CAAP festival (copy)

Residents who live near the Peninsula in Long Beach look at a map projecting flooding from sea level rise at a 2019 Climate Action and Adaptation Plan workshop and festival.

Long Beach is one step closer to implementing its Climate Action and Adaptation Plan, a years-in-the-making document that will guide the city’s sustainability policies for years to come.

The City Council voted to confirm the proposed document at its Tuesday, Jan. 5, meeting. Next, city staff will prepare an environmental impact report for the plan before it comes back to the council for final approval in the fall.

The 420-page document includes plans to reduce Long Beach’s greenhouse gas emissions and prepare the city for the impacts of climate change — and to do so through an equity lens by ensuring economic opportunities created through the plan are made available to people in the communities that are hardest hit by climate change.

Among the plan’s chief goals is to reduce greenhouse gas levels to 40% below 1990 levels by 2030. To achieve that goal, the plan outlines strategies to reduce emissions through energy use, transportation and waste.

With energy use, for example, Southern California Edison will supply 80% carbon free electricity by 2030, and the city will decrease oil production by 20% below 2018 volumes, also by 2030. In that time frame, the Port of Long Beach’s Clean Trucks Program will also reduce diesel heavy-duty truck emissions by 10%, and 75% of paper, cardboard, food scraps and green waste served by private haulers will be diverted from landfills.

Those measures, along with several other strategies, would together reduce the city’s carbon emissions by nearly double the amount that would be necessary to meet the 2030 target.

That’s intentional, according to Development Services Deputy Director Christopher Koontz, because Long Beach likely won’t realistically be able to fulfill each and every one of the proposed strategies.

“While we will try to execute every recommendation in this plan and every implementation measure,” he said, “we won’t be successful on every single one, so there’s a little bit of wiggle room.”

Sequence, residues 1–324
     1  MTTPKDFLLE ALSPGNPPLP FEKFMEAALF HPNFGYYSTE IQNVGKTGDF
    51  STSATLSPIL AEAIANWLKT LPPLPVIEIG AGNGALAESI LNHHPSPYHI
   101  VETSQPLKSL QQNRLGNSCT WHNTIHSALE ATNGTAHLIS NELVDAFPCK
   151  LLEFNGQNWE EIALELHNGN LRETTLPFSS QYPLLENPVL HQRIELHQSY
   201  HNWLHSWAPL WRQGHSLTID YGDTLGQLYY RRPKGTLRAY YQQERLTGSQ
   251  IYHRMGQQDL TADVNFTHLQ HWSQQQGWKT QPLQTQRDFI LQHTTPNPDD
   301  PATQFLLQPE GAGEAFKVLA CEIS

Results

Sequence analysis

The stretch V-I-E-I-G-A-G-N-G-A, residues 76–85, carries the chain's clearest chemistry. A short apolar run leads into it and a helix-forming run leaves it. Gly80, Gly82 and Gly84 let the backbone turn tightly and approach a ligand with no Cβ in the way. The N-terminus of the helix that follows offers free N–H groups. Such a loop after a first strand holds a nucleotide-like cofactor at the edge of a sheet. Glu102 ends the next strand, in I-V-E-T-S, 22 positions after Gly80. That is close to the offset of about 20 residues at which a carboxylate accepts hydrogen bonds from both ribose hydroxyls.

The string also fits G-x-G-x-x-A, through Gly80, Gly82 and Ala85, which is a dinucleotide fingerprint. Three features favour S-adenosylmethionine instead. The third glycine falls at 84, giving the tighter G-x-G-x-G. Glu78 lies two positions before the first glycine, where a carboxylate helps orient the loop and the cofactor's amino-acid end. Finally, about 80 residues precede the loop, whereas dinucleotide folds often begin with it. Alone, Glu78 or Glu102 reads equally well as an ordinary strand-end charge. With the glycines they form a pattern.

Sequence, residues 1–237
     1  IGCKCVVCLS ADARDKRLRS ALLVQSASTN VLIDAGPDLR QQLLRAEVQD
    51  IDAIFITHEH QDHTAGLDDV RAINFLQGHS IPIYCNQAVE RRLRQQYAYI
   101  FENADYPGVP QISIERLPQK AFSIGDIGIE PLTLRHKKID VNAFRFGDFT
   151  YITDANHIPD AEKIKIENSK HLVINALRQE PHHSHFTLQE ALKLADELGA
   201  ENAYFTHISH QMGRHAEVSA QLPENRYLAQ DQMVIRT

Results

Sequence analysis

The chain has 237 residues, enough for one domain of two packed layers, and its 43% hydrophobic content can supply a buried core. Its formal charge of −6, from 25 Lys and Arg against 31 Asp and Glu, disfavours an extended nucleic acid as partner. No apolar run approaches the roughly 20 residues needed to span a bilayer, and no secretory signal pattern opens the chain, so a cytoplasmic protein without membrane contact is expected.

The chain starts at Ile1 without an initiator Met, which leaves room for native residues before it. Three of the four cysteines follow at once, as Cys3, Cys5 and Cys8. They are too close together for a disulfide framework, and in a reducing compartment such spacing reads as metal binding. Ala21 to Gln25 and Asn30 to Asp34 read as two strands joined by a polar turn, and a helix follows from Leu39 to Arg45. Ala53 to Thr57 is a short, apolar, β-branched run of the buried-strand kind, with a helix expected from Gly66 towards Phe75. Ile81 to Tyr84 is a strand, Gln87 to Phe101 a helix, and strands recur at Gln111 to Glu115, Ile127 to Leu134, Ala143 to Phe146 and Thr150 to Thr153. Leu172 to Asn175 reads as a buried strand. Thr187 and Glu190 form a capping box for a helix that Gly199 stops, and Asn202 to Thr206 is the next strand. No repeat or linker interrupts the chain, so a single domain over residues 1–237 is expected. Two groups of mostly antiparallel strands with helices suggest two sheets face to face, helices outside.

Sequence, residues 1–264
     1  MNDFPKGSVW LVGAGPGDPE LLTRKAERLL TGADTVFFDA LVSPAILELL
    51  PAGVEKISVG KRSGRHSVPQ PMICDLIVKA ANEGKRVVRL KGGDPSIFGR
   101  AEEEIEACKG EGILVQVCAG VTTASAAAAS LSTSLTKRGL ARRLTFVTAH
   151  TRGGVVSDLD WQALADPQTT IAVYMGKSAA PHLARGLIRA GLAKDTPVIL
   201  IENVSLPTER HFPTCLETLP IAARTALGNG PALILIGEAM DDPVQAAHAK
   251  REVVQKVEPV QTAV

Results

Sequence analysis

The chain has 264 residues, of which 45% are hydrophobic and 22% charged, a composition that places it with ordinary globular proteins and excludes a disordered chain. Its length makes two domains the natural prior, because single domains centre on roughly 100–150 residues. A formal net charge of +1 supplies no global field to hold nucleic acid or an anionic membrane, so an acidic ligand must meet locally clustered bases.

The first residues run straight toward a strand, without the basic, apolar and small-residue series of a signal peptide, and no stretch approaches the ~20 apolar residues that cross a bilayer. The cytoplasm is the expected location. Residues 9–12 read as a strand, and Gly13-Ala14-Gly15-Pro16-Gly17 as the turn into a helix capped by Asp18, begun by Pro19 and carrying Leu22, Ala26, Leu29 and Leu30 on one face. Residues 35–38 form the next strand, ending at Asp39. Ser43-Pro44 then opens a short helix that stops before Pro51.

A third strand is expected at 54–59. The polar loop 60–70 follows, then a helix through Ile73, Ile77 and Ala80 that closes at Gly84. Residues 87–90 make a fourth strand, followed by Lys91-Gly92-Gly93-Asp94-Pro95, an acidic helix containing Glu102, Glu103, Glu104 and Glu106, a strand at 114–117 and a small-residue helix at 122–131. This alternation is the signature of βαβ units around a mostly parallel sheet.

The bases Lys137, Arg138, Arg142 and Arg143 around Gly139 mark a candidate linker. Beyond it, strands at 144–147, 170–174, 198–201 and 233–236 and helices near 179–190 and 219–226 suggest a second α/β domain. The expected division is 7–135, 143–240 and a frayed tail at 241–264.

But there are other policies in the works that are not incorporated into the document that also will likely help Long Beach meet its goal. The Port of Long Beach’s move to 100% emissions-free cargo handling equipment and the Long Beach Airport’s increased use of electric ground service equipment are two examples of that.

One big question that remains, though, is how much implementing the plan will cost the city. City Manager Tom Modica said Tuesday that his staff tried to separate out the “relatively inexpensive” projects and the financially “heavy duty” ones, but he did not yet have a robust financial analysis for it all.

Modica said he would come back to the City Council with estimates.

“We’re certainly going to need money, so this is going to be costly,” he said. But “we think it’s manageable.”

Mayor Robert Garcia, for his part, praised the work from city staff and City Council members that went into creating the plan before noting that a significant focus moving forward must be reducing Long Beach’s reliance on oil.

“We have to also put and dig in more on how we really reduce our fossil fuel consumption and how we really transition from an oil economy that has been, for many years, very beneficial from a revenue perspective to the city,” he said, “but it’s also damaging our community, and it damages the planet, and it damages our long-term ability to be sustainable.

“So much of our services are dependent, and have been for decades, on oil,” Garcia added. “That’s a conversation I look forward to having, and it’s one I think this council is ready to weigh in on.”

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